The Gibbons Love-In

When John Gibbons was fired by the Blue Jays in 2008 we were still deep in the wake of the shitstorm that occurred when a frustrated JP Ricciardi lost his patience and accosted a Wednesdays With JP caller for suggesting the club should pursue Adam Dunn. Ricciardi, you’ll recall, insisted to the world that he’d done research on Adam Dunn, and that Jays fans wouldn’t like Adam Dunn, because Dunn didn’t actually like baseball.

The Jays were 35-39 at the time, two seasons removed from the 86-win 2006 club that stands next to 1998′s Roger Clemens/Tim Johnson year as the franchise’s best since the World Series days. They were seven years into Ricciardi’s tenure as GM, heading towards Gibbons completing his fifth fourth full year as manager, and last in the American League East, atypically behind an Orioles club that would eventually fall back to earth, and a Rays club that was in the midst of breaking out.

In terms of self-preservation for a GM who held all the power and was facing an uncomfortable number of questions about his own competency, it made too much sense to fire the manager at the time he did. And for the hopelessly cynical former president of the club, I suppose it probably even made sense to patronize the fans and jeopardize the development of the organization’s young players in order to miscast Cito Gaston as some kind of saviour.

John Gibbons’ ultimate fate was inextricably linked to these forces, even though his most glaring fault as a manager was that he didn’t have a particularly good team to work with in the first place.

The Jays of that era weren’t bad, but they certainly weren’t so good that they were being held back by their manager.

Gibbons managed his bullpen well– he got great years from Jeremy Accardo and pre-surgery Casey Janssen; Scott Downs emerged under his watch; Jason Frasor became Jason Frasor; and Jeff Blair of the Globe and Mail remembers BJ Ryan telling him that in his first year he could only recall getting up once in the bullpen and not actually getting into the game.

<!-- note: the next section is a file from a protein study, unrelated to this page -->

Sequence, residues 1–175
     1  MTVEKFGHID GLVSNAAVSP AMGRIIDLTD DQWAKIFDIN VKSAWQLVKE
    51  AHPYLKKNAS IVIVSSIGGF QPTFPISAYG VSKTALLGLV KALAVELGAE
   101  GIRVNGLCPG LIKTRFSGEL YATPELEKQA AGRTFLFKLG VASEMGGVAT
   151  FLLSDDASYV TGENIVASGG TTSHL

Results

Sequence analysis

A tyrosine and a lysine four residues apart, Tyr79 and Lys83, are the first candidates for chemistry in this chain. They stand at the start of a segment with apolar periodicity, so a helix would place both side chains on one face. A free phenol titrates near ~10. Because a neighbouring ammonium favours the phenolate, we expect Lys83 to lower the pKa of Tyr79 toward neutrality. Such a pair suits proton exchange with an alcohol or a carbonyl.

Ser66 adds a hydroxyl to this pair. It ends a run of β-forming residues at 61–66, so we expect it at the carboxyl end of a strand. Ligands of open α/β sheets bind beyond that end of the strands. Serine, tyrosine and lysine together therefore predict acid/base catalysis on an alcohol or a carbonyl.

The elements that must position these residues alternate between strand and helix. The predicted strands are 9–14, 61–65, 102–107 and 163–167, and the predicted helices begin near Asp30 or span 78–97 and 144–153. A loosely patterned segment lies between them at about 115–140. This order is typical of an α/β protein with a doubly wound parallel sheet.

He was liked and respected by his players– on Blair’s show Tuesday ex-Jay Frank Catalanotto painted Gibbons, impressively, as both a player’s manager, and a guy who, “if things need to be taken care of, Gibby’s not afraid to take care of it.”

Catalanotto– who, it should be noted, may have been politicking slightly– added that he “gained a lot of respect, and a lot of players gained a lot of respect, for what happened with Shea Hillenbrand, and also Ted Lilly,” undercutting the most vital argument of the tools who try so desperately to work backwards from Gibbons’ poor on-field results in order to find flaws to hang on him.

He actually deployed platoons, using left fielders Catalanotto and Reed Johnson to tremendous effect– something he may be called on to do again in 2013– and was willing to be unorthodox with his lineup construction, hitting Catalanotto, Vernon Wells, and Alexis Rios lead-off at various times during his tenure.

Gibbons was hardly perfect, but in the most general sense he put his players in position to succeed, and it just so happened that they didn’t. Or, perhaps more accurately, they were unable to succeed to the same level of the powerful Yankees and Red Sox clubs of the time. To me, and evidently to Alex Anthopoulos, that’s about as much as you could ask of a manager– at least as far as on-field stuff goes.

Off the field, despite what he referred to as “a couple of dust-ups” at this morning’s press conference, which will certainly dog him for several years more at the very least, Gibbons comes off as warm, conversational, intelligent, and damn funny– as I saw first hand in the Jays’ media conference room this morning, with Paul Beeston practically breathing down my neck for much of it.